Posted at 12/27/2005 15:08:42 by Eric Mack

Is it legal to scan your books to read on a Tablet PC?

IMHO, it is very well established that fair use includes the right to make a copy for convenience and for preservation purposes, even if the copy is on a different media than the original. I believe there were decisions about this in the 70's, having to do with consumers making tapes of LPs or libraries making microfilm copies of books, though I can't find references.

Here's what the EFF says:

Q. How do I know if my use of copyrighted material would be considered a fair use?

A. There is no "bright line" test that can tell if a particular use would be considered "fair," but the Copyright Act lists particular activities generally considered fair (this list is not to be construed as exclusive or limiting in any way). Some examples of uses listed in the statute that would generally be considered a fair use to copy copyrighted material include: Criticism, comment, parody, news reporting, teaching, scholarship, research, or personal use such as time or format shifting.

Q. Do I have the right to make a copy of my CD for my own personal use?

As new media present new ways for people to enjoy music, the public's fair use rights accompany them into the electronic frontier. Now, music fans have the right and ability to copy their own music collection onto their own computer storage device and create customized play lists for their own personal use and enjoyment of their music.

Above is from { Link }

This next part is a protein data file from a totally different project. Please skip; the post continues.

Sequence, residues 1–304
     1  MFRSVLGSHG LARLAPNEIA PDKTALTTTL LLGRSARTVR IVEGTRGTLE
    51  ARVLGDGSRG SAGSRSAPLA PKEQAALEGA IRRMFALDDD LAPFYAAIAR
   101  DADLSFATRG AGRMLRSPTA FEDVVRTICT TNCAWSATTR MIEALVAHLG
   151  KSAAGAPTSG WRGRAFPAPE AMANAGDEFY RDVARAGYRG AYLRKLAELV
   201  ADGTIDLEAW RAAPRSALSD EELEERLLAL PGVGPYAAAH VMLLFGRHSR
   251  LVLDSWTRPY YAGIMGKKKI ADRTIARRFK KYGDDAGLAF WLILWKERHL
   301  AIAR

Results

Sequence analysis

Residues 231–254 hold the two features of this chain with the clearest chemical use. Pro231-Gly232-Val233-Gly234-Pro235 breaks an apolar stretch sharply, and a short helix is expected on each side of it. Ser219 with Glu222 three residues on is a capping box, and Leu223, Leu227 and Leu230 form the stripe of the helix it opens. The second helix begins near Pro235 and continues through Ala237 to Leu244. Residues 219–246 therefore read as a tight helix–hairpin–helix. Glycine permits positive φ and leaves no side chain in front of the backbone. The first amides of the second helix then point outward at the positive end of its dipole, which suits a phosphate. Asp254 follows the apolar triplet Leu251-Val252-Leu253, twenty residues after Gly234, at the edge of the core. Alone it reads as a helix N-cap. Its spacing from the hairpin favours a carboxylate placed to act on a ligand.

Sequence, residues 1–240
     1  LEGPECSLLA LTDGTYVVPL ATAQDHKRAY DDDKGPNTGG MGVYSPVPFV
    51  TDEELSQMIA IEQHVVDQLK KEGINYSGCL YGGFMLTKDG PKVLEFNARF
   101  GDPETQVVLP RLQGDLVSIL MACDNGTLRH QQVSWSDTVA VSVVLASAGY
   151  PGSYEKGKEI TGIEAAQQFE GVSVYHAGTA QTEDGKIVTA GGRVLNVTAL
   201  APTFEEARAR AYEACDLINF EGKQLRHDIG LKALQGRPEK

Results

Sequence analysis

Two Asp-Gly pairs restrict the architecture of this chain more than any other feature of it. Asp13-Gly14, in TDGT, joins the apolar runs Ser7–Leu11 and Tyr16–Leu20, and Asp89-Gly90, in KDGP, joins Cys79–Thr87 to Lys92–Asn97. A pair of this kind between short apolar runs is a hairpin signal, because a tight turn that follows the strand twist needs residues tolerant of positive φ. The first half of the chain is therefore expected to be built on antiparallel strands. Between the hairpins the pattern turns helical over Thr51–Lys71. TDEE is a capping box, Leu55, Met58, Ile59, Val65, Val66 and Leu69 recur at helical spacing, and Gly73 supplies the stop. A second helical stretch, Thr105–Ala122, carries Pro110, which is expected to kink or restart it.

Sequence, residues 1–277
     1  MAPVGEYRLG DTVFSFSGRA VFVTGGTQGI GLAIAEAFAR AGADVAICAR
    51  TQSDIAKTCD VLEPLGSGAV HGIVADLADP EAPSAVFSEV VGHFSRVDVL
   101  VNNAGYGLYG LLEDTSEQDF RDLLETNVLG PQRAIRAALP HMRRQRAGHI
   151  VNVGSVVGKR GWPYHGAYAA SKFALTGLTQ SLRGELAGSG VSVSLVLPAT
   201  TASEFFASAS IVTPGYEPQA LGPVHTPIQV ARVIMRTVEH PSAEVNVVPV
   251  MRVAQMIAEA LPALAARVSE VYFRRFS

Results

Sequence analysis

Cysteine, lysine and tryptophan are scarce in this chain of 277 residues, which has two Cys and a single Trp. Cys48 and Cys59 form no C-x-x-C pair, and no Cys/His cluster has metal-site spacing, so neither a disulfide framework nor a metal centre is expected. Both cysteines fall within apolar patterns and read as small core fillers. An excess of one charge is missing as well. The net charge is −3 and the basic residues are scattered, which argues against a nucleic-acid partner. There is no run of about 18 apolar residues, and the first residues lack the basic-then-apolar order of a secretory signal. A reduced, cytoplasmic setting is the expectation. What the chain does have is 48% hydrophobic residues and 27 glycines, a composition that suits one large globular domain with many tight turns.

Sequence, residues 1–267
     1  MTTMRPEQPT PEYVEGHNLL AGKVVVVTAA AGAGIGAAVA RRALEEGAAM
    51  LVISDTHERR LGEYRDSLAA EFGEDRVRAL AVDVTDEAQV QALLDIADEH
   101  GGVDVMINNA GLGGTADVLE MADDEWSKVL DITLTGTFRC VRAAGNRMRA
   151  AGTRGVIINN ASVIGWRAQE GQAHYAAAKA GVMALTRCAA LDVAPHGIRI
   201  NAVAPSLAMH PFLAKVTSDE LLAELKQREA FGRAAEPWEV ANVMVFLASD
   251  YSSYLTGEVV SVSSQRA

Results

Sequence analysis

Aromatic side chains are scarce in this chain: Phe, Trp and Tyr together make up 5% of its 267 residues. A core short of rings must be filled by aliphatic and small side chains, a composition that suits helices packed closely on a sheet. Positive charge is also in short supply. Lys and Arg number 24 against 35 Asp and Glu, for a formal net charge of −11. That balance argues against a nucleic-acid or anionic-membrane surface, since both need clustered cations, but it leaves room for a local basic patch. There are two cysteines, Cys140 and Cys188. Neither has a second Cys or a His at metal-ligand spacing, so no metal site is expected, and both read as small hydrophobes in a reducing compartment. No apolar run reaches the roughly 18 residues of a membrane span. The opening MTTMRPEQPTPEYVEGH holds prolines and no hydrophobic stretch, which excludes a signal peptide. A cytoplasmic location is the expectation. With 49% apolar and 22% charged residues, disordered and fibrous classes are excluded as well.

Posted at 12/27/2005 19:58:55 by Richard Schwartz

Is it legal to scan your books to read on a Tablet PC?

Eric, please clarify your last post: are you saying that it is illegal to make and use a digital copy of a book that you own and are using as a non-student (professional), or rather, are you saying there are no cases that clearly denote that this is legal?

I am not a lawyer, but I am very interested in digitizing ALL of my books/files/notes, for the obvious reasons--easier searching for key passages and annotations, not having to carry and, worse, move boxes of books, etc. As someone who moves nearly every year, this last problem is probably more of a hurdle to me than to most people.

From a bigger picture, I thought that when I buy a book, I am buying access to the information contained in the book, not simply access to the material that the book consists of. If this is only naive wishful thinking on my part, then I need to be clued in. Consequently, if, as your post may imply, it is illegal to make and use a digital copy of a book that you own in material form and do not allow nonlegitimate owners to have access to, then I will be very interested in reading what your research project turns up for reasons why this is the case--From my current perspective on the issue, without this information, I feel disappointed in any legal system that considers this fair, but am willing to be swayed if I hear a legitimate explanation why.

Posted at 12/27/2005 21:31:01 by Nick Cizek

Is it legal to scan your books to read on a Tablet PC?

I think that digitizing my books should go in the same category as making backup copy of them or any other copyrighted media, which IIRC was shown being legal in Adobe vs Elcomsoft case (Elcomsoft has won the case even despite the fact that in process of making backup copy it removed the DRM protection).

It should go in same category in the law as making a virtual copy of DVD for viewing at a Tablet without an optical drive, or making a copy of a software distribution disk and using it in order not to damage the original and so on.